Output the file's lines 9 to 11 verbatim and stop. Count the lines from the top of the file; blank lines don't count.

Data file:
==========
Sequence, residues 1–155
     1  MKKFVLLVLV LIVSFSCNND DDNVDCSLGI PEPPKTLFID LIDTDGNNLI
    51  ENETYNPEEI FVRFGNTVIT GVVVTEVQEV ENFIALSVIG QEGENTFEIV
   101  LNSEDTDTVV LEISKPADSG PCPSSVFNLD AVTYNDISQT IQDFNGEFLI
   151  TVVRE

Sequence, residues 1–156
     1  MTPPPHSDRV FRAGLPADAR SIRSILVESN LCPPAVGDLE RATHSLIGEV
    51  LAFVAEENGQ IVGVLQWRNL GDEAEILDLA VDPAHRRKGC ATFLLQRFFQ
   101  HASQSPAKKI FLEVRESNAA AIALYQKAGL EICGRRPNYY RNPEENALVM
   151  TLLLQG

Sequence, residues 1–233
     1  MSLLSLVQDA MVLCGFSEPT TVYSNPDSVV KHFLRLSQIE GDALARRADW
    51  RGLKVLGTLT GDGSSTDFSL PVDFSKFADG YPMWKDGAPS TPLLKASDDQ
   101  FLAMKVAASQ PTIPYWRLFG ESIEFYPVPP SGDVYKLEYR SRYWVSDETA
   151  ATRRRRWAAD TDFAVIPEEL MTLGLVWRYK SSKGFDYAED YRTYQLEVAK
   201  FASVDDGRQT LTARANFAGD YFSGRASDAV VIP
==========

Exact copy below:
   101  HASQSPAKKI FLEVRESNAA AIALYQKAGL EICGRRPNYY RNPEENALVM
   151  TLLLQG

Sequence, residues 1–233